Contrary to the assumptions you’ve probably made, there are many questions to ask yourself while attempting to find and secure the best podcast microphone. According to Heather Brooker, Emmy Award-winning Journalist, host of Webby Award-winning podcast Motherhood in Hollywood, and BlogHer Back-to-School expert, it all comes down to three things: budget, longevity, and user-friendliness. For example, a quick Amazon.com search for “podcast microphones” delivers an overwhelming 2,000 results that you’ll probably get tired of browsing after two or three pages.
“One quick way to narrow that down is with your budget. If you know you don’t want to spend more than $100 on a microphone, you can narrow down your options very easily. That being said there are many microphones that will get the job done that are less than $100,” says Brooker. “How long and how often do you plan to podcast? If you are looking at releasing a podcast episode every day, it may be worthwhile to invest in something a little more high-end that can handle that kind of workload. If you only plan to release one episode a month, then you can save a little money and get something more cost effective.”
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Additionally, don’t forget to account for how tech-savvy you are, not what you wish you could be. Plug-and-play options are best for beginners though in general, Brooker says most podcast microphones are user-friendly and can plug into a USB connector or XLR. “The XLR microphones are typically used in professional recordings and a USB can easily connect to a computer.”
Once you’ve decided on a microphone, accessory choice is equally important. For instance, Brooker uses a microphone arm (aka “suspension stand”) that attaches to her desk. “I like that I can move it around easily and adjust to my height and comfortability. However, some people prefer the standard desktop mic stands that don’t move,” she says. “If you use an arm, you run the risk of it creaking or making a noise if you move it during a recording. With a standard desktop stand that risk is minimal.”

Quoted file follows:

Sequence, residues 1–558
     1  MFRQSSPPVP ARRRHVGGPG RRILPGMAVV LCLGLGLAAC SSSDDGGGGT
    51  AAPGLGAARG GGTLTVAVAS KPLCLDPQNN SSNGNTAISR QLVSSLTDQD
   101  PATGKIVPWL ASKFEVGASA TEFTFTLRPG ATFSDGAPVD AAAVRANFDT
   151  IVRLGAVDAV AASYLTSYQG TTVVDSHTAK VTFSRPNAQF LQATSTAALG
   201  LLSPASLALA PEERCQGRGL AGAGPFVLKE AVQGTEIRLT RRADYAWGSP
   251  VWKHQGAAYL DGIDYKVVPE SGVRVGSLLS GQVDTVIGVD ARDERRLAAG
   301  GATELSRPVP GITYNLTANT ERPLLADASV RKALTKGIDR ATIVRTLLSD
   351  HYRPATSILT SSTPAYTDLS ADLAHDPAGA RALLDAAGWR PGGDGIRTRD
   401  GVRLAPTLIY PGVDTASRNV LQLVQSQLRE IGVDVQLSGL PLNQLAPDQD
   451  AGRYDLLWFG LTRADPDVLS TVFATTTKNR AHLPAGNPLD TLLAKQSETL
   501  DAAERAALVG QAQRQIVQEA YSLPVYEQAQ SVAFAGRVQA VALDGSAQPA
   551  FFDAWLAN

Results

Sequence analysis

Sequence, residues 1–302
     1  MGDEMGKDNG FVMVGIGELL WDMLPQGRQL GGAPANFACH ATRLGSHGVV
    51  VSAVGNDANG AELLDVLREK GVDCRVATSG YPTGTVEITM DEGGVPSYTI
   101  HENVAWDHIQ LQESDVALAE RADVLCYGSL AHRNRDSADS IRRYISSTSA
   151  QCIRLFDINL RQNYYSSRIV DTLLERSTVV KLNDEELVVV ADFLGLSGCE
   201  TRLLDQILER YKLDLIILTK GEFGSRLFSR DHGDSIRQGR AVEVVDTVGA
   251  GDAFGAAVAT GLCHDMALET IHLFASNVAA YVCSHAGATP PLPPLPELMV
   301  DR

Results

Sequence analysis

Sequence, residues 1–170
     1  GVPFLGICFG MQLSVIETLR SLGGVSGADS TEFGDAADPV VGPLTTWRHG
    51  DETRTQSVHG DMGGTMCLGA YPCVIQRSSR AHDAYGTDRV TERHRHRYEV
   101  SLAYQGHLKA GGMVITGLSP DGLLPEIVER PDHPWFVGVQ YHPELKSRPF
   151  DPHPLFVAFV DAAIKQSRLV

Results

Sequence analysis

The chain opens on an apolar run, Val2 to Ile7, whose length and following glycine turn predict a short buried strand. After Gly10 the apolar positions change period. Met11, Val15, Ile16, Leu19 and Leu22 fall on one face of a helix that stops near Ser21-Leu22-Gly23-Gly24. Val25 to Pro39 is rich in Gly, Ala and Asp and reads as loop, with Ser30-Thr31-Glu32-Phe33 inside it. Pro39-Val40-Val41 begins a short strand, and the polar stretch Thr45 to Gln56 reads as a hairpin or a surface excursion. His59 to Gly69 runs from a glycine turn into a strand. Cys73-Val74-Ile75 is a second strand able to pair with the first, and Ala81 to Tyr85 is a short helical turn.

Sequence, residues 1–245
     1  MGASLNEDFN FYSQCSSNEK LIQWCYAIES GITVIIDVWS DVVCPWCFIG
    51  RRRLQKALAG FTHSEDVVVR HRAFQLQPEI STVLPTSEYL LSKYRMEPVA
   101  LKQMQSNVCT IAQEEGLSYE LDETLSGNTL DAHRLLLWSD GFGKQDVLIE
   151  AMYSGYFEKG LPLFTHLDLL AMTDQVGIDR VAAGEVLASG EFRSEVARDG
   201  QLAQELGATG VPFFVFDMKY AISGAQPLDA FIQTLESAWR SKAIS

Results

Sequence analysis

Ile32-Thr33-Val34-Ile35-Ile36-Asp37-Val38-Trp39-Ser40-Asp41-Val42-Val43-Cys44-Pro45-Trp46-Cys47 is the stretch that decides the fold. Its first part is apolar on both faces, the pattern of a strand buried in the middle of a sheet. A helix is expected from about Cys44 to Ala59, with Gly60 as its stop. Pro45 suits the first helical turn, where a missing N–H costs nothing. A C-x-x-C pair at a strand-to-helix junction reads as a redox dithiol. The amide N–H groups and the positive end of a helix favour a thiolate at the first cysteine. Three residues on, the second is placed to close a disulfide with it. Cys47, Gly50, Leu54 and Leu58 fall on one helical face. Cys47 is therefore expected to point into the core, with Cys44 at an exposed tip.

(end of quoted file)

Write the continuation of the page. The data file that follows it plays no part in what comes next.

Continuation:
She also highly recommends a windscreen and/or a pop filter to “make your sound more rich and minimize the popping sounds from the letter ‘p’ and extra wind noise from your breath.”
Once your microphone and accessories arrive and are set up for use, remember to take good care of it. Of course, quality podcast microphones will last a very long time. Brooker has been using her AT2005’s for almost five years (and through 200 podcast episodes) and they’re still in great condition.
“If you can, set them up then leave them alone. Don’t move them around if you don’t have to,” she suggests. “But if you do set up and tear down your podcast after each episode, place the microphone in its carrying case and gently wrap the cords for storage. The microphones will outlast the cords in some cases but if you take good care of both, they will last a very long time.”
At the same time, let’s keep it real—sometimes a seemingly good purchase turns out to be a terrible one, especially if you’re a newbie. Sound quality, an essential ingredient for podcasting in general, is often the first sign that you should return and replace a microphone. “If you’re listening to a show and it sounds staticky, or tinny, then that podcaster probably needs to update their microphone or cords,” says Brooker.